Popular Vote Silliness
Mark Blumenthal examines the ongoing argument as to which of the Democrats have the most popular votes. In addition to the traditional counting issues, he notes that a bigger problem is that the very notion fails to meet the test of “concept validity.”
That’s a wonky term that simply means that before measuring something we ought to define clearly what it is we are trying to measure.
Clinton supporter Gov. Ed Rendell, D-Pa., for example, has condemned caucuses as “undemocratic.” Appearing on “Meet the Press,” he argued that in caucuses, “older people can’t vote, older people who vote by absentee ballot… if you’re a shift worker and a lot of our workers, because they’re low-income workers, are shift workers, you can’t vote in a caucus.”
Obama supporters, on the other hand, point to a paper by author Glenn Hurowitz and business school professor Gregory Nini asserting that a popular vote tally “dramatically devalues the popular will” of voters living in caucus states precisely because of the much lower turnout in caucuses. The 13 caucus states (which Obama won by an average margin of 35 percentage points) represent 15 percent of eligible voters and 14 percent of Democratic delegates, but only 2 percent of the popular vote cast. Had the caucus states held primaries, Hurowitz and Nini argue, Obama’s victory margins would have been diminished, but his raw popular vote tally would be significantly increased because of much higher turnouts.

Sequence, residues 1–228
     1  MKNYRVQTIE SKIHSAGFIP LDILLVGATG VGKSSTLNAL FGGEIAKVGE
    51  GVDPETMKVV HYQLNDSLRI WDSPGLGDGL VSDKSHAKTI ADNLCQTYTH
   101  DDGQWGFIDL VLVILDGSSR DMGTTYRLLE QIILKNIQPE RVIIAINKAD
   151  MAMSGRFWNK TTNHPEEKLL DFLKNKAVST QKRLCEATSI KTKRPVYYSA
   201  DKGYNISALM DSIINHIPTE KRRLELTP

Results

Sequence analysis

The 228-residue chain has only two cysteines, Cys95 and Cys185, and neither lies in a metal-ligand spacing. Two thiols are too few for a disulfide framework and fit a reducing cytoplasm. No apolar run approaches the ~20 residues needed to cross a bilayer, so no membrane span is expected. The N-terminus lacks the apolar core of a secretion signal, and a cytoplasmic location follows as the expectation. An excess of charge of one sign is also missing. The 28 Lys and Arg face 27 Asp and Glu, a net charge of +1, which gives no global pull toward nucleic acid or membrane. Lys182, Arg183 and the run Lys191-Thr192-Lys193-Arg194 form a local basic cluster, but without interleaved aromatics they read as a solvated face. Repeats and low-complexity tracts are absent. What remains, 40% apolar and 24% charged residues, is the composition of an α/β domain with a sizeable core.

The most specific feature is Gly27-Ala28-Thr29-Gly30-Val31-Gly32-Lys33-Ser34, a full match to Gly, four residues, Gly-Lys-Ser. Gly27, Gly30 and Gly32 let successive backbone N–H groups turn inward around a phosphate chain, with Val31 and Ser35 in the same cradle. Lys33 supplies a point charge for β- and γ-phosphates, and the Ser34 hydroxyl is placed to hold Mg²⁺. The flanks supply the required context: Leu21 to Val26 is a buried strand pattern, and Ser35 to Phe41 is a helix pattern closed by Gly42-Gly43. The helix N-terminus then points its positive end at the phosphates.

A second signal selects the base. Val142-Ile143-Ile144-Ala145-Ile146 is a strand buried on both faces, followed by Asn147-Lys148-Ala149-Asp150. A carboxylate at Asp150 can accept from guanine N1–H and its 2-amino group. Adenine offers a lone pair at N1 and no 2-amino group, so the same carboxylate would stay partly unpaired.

It goes beyond that.
- In the early states, where other candidates drew significant numbers of votes, merely counting the number who voted for the two who remain standing is invalid unless we presume that those votes would have been equally divided between Clinton and Obama. Those who would have preferred, say, John Edwards but would rather have Obama than Clinton are retroactively disenfranchised in this process. (In the actual delegate contest, though, they’re actually more influential than those in later states, since they help shape the race to come.)
- Additionally, it’s quite likely that many of those who voted for Clinton or Obama in January or February, when much less information was known, would prefer the other candidate if allowed to vote this past Tuesday when the residents of Pennsylvania did.
- Some states had elections on Saturdays; others, during the week. This impacts different people in different ways but certainly influenced turnout and vote margins.
I’m sure readers can come up with other points along these lines. The bottom line is that, unless there is a single election, held at a single point of time, pitting the exact slate of candidates against one another and employing the same counting rules, any reference to a “popular vote” is meaningless.
This doesn’t mean, of course, that the candidate trailing in the delegate count can’t trot it out to see if it sways the superdelegates.